I didn’t originally care about Mad Max: Fury Road. I didn’t care that it supposedly harbored some semblance of a feminist message or that it was an action movie so exhilarating and epic it makes Michael Bay‘s testicles shrivel and retract into his pelvis. I hadn’t seen any of the original Mad Max films with Mel Gibson, so I didn’t feel like I had a sufficient frame of reference to appreciate the new film wholly, presuming I would like it at all.
But after a while, all this non-stop praise directed towards the film, both from movie-goers and critics, got so bizarrely high (to the point where it currently holds a 99% approval rating on Rotten Tomatoes) that I eventually became curious. I was struck with a feeling that I sorta had to see just what in Krishna’s name this movie got so astronomically right in the eyes of so many.
The film in question takes place in the most excessively orange-tinted future I’ve seen since Riddick, although it is set in the wastelands of a post-apocalyptic Earth instead of on some wacky desert planet, and is a lot more aesthetically pleasing in the way it is shot and colored. Apparently, in this future we’ve all more or less become savages who chase each other around on various awesomely weird-looking vehicles. Again, I haven’t seen the original films, but the imagery in Fury Road did evoke some memories of an episode of ReBoot I saw as a child.
While the film is named after Tom Hardy‘s character Mad Max, the notoriously badass road warrior formerly played by Mel Gibson, he is not the film’s true focus. Instead its spotlight shines on a different warrior known as Furiosa, played damn well by Charlize Theron, and her five female allies who have just escaped from being used for breeding purposes by vicious cult leader Immortan Joe (Hugh Keays-Byrne), who looks like a mix between Darth Vader, a wrestler, and the clown from American Horror Story. The “Wives”, as they’re referred to, are played by Rosie Huntington-Whiteley, Riley Keough, Zoë Kravitz, Abbey Lee Kershaw and Courtney Eaton. They all plan on going to a place where things are better, all whilst the “War Boys”, to cite the true epithet of Joe’s underlings, chase after them.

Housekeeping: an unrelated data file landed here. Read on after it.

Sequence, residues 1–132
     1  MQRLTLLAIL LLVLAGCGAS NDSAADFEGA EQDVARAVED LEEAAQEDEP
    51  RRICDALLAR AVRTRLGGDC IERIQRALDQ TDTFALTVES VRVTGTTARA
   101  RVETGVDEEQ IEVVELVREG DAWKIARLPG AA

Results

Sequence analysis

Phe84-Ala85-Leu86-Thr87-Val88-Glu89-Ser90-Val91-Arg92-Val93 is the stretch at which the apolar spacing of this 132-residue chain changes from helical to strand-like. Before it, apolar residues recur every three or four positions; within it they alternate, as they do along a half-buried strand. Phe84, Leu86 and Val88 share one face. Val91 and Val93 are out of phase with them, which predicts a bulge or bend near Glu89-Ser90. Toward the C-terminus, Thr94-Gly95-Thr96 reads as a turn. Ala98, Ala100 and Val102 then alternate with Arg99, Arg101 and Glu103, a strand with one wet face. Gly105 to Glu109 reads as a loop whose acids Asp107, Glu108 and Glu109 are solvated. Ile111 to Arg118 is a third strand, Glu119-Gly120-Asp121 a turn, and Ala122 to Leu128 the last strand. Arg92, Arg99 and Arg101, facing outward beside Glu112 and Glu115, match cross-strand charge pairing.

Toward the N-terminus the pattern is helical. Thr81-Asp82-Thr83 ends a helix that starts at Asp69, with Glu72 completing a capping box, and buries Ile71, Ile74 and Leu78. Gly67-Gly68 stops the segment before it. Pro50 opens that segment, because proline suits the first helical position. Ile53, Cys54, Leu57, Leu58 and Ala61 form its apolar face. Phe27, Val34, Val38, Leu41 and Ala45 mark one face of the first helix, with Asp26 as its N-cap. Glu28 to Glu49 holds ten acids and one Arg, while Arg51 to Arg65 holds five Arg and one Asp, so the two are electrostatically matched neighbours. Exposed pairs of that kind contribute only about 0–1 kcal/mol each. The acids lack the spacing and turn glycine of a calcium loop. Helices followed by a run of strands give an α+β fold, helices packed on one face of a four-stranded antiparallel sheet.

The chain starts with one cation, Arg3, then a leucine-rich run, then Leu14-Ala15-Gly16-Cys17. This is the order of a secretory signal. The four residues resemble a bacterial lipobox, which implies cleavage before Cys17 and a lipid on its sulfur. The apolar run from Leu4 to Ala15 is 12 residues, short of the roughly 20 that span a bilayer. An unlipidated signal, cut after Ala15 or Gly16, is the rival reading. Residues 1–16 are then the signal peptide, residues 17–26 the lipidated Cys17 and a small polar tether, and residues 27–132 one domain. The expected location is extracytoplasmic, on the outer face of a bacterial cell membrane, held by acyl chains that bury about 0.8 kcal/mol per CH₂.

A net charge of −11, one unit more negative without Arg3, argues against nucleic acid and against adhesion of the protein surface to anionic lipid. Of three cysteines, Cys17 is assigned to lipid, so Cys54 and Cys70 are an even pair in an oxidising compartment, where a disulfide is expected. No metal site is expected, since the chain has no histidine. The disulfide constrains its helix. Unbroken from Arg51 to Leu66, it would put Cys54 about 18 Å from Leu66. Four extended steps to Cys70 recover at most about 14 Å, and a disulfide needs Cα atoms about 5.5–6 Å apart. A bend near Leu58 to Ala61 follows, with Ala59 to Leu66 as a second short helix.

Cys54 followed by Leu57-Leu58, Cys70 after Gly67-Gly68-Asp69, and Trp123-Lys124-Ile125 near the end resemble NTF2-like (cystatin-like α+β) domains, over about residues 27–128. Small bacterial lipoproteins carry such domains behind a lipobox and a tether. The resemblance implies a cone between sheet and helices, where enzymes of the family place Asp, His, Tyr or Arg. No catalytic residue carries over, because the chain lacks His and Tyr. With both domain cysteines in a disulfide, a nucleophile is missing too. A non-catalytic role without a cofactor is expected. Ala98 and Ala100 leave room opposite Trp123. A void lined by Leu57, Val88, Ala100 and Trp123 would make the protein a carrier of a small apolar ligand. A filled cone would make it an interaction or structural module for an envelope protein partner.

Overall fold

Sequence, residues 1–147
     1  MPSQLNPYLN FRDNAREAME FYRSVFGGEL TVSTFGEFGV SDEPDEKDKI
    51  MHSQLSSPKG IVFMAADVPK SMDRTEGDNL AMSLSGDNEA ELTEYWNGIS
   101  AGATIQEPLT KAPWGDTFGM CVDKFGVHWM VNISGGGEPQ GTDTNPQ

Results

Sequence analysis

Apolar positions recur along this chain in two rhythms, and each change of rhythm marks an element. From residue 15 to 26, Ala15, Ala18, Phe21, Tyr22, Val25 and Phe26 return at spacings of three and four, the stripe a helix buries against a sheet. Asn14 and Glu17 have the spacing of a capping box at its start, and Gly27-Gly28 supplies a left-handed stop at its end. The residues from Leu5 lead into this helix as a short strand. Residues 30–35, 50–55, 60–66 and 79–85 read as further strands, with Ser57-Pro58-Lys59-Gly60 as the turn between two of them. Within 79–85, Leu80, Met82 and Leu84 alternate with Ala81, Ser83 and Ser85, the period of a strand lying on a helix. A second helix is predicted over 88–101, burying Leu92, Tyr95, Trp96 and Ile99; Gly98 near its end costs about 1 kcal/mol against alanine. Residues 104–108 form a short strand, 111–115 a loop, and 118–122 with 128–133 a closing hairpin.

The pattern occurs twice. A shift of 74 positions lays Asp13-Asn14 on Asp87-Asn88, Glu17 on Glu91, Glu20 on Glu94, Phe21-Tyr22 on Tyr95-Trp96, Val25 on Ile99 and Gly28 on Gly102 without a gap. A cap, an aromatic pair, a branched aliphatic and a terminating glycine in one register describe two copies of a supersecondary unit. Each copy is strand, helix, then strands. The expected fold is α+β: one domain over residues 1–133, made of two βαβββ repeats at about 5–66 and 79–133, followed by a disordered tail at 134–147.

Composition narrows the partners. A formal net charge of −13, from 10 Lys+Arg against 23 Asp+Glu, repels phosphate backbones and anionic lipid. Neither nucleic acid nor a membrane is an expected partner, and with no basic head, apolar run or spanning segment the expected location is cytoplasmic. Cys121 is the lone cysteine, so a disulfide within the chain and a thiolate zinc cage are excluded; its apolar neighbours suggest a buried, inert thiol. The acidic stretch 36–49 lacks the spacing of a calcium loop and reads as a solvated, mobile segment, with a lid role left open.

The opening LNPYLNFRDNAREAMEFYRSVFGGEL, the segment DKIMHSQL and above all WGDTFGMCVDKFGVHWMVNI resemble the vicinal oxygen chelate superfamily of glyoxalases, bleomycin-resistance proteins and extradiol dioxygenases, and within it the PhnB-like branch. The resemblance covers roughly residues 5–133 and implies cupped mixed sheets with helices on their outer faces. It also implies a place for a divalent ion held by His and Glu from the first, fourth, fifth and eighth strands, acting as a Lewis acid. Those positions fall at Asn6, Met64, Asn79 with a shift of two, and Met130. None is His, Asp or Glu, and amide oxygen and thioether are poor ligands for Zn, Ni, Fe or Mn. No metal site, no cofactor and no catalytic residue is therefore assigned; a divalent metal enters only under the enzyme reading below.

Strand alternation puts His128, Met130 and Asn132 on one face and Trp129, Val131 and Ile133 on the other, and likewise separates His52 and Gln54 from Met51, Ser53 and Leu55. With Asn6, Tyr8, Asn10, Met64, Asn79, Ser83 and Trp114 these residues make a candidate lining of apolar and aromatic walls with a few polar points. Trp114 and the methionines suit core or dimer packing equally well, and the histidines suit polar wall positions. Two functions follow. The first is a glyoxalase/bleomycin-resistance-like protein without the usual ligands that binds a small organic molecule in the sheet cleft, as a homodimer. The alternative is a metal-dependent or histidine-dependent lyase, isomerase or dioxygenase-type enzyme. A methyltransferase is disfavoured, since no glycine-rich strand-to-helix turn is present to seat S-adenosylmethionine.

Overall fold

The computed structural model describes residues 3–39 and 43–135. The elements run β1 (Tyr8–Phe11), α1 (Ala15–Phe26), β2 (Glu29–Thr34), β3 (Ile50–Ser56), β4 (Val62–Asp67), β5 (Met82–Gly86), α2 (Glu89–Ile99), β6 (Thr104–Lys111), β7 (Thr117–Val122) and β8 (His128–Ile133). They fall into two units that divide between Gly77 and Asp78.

These characters are all memorable in their respective right, and Max, instead of being an outright hero, is more of an observer who is swept into their adventure and ends up aiding them in getting where they want to go. Oh and Nicholas Hoult shows up too, playing as one of the relatively less crazy War Boys. He’s sure come a long way since About A Boy.
I will say, however, since the memorability of these characters stems mostly from how utterly crazy they all are, there isn’t a ton of time devoted to character development or scenes of “humanity”. The way the film is structured, especially in terms of action, factors into this problem, minor though it admittedly is.
Action-wise the movie is exemplary and powerful to be sure, but it does get damn near exhausting after not too long. At times, it feels like you’re watching an extended climax; a movie that skips the beginning and the middle and jumps straight to the ending, and then stays there for approximately two hours. But in spite of this, the general pacing and adrenaline-level is so skillfully consistent throughout Mad Max that director George Miller has succeeded where most action filmmakers have failed ever so tragically: making a movie that’s so thunderously insane that the story doesn’t matter. Yes, I said it and I shall stick by it.
Also, something I cannot possibly praise Miller enough for is the fact that he hugely relied on practical effects for his action scenes instead of digital ones, even to the extent that digital effects were only used where it was absolutely necessary. Everything else is happening and existing in front of the camera. The sets; the costumes; cars flipping; things exploding; the whole shebang. And yes, most of those pimped out gargantuan vehicles were, in fact, just as big and even capable of movement in real life! Bravo, Mr. Miller. You have made filmmaking interesting again.
Choosing practical effects over CGI is undoubtedly a triumph this movie has over the also recent Avengers: Age of Ultron. Even if I still partially prefer the way Avengers provided its wittiness, occasional dramatic breaks and character moments, Mad Max is no doubt the one that got it right in terms of SFX. And even if Mad Max is probably the more feminist film between the two, I’m willing to guess Charlize Theron’s Furiosa toyline won’t be a whole lot bigger than that of Black Widow.
Despite some small complaints I’ve made above, let me solidify that I absolutely adored Mad Max: Fury Road. It looks amazing, it sounds just as great, its world is creatively deranged, the production design is miraculous, the acting is wildly good, the characters are all cool (especially that villain), and the non-stop chaotic action is still varied and intense enough that it thankfully won’t exhaust you too much. Furthermore, it can indeed be enjoyed without having seen the originals. While it might not be as ground-breakingly feministic as I imagined it, it is definitely progressive in how it incorporates its female characters and does poignantly comment on the objectification of women everywhere in the world. I can’t wait until someone on Tumblr decides that it doesn’t count because a white man directed it.
EDIT 28-05-2015: This is one of those films where I will unapologetically state that I went back and changed my rating after re-watching the film and truly thinking about how much this movie actually means for the art of filmmaking. It went from 4 to 5 and I’m glad I had that little epiphany about it. Once again, Miller, BRAVO!